A Three-Year-Old Selfie

 

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This time of the year used to be, well, this time of the year.
No extraordinary significance. A part of Spring, a few days past taxes, a lot like the days before.
Kinda normal. Unremarkable.
But things change.
Three years ago around this time, I was diagnosed with Multiple Sclerosis. Officially, Relapsing-Remitting Multiple Sclerosis.
It seems my immune system does its job well but is confused about who the enemy is. For the record, I kinda like my brain and spine. For some reason though, MS doesn’t.
And to be perfectly candid, I’ve struggled with the anniversary of my diagnosis. Not the reality of it, or how to remember it – I process stuff by writing – but what to say.
There are so many others who face far more difficult issues, so how do I process my reality without making it all about me?

How exactly do you take a picture of yourself and it not be a selfie?

Here’s what I keep coming back to.
You point out the others in the frame. And just say thanks for them being there.
So…

Thank you.

Thank you to my immediate family.
My wife and two girls see me in the good times and those other times. When the glass is half-full (most days), and when it’s completely empty.
They can explain the importance of a myelin sheath, what cognitive fog looks like, and why running and being active is so important to me.
When unpredictable is a new normal, their consistency is a rock. And they do it while dealing with important things in their own lives. Things like dreams and desires and difficulty. Their own or mine, they handle them. And better than I do.
I think of this often when we end the day. Praying together before bed is a ritual. But what they don’t know is that when we do, sometimes I don’t close my eyes. I just look around at each of them.
And silently say thanks to the other One who’s listening.

Thank you to my extended family and friends.
I have people who wonder how I’m doing, check on me, and ask questions. Thanks for doing that. What you say and ask, validates. The world needs more genuine concern. You understand that. And demonstrate it.
And some are people who pray. And they do. For me. By name.
I know “thoughts and prayers” is easy to say, and in some cases has turned into a political punching bag, but let me go on record and say I’m grateful for both.
If riches are measured by the kindness of others, I’m very wealthy.

Thank you to my doctors.
The phrase “my neurologist” still sounds weird, but I’m grateful for Michael Levy. He’s patient, kind, and accessible. And has forgotten more about MS than I’ll ever know.
And the other doctors at Hopkins. Those who run tests, sample my blood, check my eyes, provide counsel, and are friends. They remember that the guy from Baltimore is a boy from Chicago with questions, uncertainty, fear, and anxiety. And they continue to come alongside. I know it’s what they do, but they do it well. To those men and women, what you do, and how you do it, matters.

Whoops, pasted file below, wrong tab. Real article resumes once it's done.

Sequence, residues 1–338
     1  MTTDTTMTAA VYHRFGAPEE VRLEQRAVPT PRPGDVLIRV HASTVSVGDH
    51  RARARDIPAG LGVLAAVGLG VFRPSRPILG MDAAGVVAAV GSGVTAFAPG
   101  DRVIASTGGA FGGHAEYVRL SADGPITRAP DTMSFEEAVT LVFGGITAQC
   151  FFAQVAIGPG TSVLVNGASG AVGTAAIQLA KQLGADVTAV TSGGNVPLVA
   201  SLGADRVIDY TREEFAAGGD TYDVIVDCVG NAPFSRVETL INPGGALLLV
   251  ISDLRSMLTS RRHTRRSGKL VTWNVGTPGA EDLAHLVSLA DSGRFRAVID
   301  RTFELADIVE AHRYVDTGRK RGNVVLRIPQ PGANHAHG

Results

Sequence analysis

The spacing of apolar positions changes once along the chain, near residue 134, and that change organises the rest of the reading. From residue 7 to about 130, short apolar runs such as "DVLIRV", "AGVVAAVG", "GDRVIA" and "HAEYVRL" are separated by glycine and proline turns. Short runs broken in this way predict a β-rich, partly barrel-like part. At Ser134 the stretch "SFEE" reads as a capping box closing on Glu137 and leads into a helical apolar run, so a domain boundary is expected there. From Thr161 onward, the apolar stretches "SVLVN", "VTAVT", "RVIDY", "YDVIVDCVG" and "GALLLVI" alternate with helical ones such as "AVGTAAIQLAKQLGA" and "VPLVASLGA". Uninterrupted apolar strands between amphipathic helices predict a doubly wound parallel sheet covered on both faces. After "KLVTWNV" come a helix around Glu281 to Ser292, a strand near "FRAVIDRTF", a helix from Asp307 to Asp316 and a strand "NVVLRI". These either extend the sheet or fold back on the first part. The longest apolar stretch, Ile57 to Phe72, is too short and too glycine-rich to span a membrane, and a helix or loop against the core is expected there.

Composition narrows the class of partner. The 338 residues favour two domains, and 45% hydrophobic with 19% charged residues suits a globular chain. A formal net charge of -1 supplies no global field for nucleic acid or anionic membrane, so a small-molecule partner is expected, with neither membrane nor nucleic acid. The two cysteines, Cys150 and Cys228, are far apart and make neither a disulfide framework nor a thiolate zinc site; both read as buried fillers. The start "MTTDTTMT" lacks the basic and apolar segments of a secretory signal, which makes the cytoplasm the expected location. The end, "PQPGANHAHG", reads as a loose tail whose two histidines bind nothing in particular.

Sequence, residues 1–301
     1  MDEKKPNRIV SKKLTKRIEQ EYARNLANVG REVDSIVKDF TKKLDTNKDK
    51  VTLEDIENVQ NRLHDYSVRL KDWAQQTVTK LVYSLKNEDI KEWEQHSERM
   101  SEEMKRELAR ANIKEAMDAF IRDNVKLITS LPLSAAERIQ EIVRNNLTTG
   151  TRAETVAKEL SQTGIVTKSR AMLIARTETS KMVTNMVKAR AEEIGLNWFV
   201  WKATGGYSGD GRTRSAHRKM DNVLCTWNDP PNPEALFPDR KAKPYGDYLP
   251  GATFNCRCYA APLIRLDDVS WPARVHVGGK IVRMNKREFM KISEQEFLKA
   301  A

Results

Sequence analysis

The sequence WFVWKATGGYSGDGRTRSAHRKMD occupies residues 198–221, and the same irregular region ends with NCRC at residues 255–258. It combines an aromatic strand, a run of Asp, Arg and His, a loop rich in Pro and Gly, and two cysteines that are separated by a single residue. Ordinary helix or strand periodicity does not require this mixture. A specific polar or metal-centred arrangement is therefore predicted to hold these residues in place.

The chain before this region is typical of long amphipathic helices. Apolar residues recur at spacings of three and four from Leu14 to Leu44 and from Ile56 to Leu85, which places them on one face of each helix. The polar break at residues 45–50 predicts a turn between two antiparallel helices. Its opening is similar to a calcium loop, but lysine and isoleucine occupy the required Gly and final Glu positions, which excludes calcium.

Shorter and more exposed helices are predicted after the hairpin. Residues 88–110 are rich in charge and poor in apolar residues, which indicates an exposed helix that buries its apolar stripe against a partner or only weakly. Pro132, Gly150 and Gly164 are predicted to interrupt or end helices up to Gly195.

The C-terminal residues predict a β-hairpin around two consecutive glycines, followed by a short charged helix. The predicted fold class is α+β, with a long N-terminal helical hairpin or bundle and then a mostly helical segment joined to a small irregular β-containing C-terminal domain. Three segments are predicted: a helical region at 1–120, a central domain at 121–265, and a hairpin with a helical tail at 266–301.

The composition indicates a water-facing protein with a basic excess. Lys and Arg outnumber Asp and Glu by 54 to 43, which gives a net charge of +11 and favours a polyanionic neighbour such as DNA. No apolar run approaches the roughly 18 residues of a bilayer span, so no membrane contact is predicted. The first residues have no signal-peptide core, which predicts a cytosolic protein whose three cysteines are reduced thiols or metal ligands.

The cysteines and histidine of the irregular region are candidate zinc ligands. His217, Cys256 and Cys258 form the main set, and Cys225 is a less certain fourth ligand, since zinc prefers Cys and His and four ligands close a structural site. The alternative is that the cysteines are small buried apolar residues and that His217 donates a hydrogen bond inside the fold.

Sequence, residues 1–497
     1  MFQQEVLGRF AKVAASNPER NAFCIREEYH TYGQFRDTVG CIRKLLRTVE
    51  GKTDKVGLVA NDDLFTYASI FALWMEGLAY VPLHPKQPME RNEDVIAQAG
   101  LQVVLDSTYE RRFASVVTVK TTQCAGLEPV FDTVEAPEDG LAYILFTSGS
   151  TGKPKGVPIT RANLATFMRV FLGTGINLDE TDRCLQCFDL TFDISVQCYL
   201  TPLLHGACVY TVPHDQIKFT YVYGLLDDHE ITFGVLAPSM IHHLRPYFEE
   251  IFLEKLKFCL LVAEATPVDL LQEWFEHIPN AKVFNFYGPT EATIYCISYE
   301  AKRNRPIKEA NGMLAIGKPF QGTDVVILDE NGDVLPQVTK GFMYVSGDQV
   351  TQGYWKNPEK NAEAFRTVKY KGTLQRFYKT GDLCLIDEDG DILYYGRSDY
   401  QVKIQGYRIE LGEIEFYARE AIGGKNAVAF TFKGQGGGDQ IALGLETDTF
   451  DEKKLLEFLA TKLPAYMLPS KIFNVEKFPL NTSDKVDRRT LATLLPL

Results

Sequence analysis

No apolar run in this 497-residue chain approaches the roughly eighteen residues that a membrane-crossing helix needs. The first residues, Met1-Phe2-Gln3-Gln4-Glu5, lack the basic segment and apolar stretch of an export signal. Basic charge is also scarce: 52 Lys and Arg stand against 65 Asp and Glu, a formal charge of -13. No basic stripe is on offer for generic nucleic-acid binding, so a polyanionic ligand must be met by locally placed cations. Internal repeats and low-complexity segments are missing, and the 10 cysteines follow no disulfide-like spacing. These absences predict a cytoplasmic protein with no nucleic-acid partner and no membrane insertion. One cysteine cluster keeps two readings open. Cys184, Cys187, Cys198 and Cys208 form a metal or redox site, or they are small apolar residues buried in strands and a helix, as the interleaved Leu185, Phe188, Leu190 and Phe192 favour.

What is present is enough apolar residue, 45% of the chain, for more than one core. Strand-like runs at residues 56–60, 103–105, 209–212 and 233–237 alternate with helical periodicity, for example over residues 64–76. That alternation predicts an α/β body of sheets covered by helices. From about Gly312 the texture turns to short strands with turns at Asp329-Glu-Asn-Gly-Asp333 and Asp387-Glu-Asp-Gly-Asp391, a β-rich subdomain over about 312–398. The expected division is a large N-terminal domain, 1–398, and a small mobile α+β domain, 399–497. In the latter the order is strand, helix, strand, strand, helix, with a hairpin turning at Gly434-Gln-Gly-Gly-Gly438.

Thank you to other people in Maryland and the United States.
How’s that for a catch-all?
Hold on, let me explain.
My disease-modifying treatment includes daily medication. Pills that are expensive. Really expensive. Think close to $60,000 a year.
At the risk of TMI, my family and I don’t make a ton of money. We receive health insurance through the State of Maryland. And our insurance covers everything.
I’m going to write that last sentence again. To remind me.
Our insurance covers everything.
And yet I recognize that while I don’t pay anything, someone does. Free is only subjective. The reality is my neighbors and friends and total strangers, inside my state and beyond, help me and my family to fight a battle they’re not involved in and we never expected. I know tax policy can (and should) be vigorously debated, but underneath it all are people. People like me. Whose struggles of feeling financially inadequate are surpassed by feelings of gratefulness for people I’ll probably never meet, but who, whether they realize it or not, are helping me navigate this season of life.
So to you, known or unknown, thank you.

And thank you to God.
It’s interesting, isn’t it?
“God.” That one word conjures up as many ideas and feelings as there are people. And it spans the spectrum. Everything from an occasional thought, to an irrelevant concept, to convinced non-existence, to the centerpiece of life.
Count me in that last group.
I just believe God is real. And that God is interested in my life.
But my faith didn’t sneak up on me. It’s a choice I made. And still, make.
And as I’ve risked being wrong about the authenticity of God, I’ve discovered a day-to-day reality that suggests I’m not.
There are just things that can’t be explained away. A text. A call. A conversation. Encouragement in MRI tubes. Assurance when unpredictability reigns. Peace in the midst of the crazy.
It’s life though. And sometimes life and preferences don’t match.
Though I ask for it, God hasn’t healed me. Yet. But he has helped me. And the book that helps me understand God promises that that help will always be available. And always is good. And so is God.

So many thanks to many people. You’re in my picture. You’re tagged. And I’m glad we’re in this together.

Let’s run on.

Todd

4 thoughts on “A Three-Year-Old Selfie

  1. Todd I do pray for you all the time. You are special, God gave you such a wonderful brain, as you know He in control of our life like it or not. You are such a blessing to so many people including me. You are a true encourage He not finished with you yet Love love love

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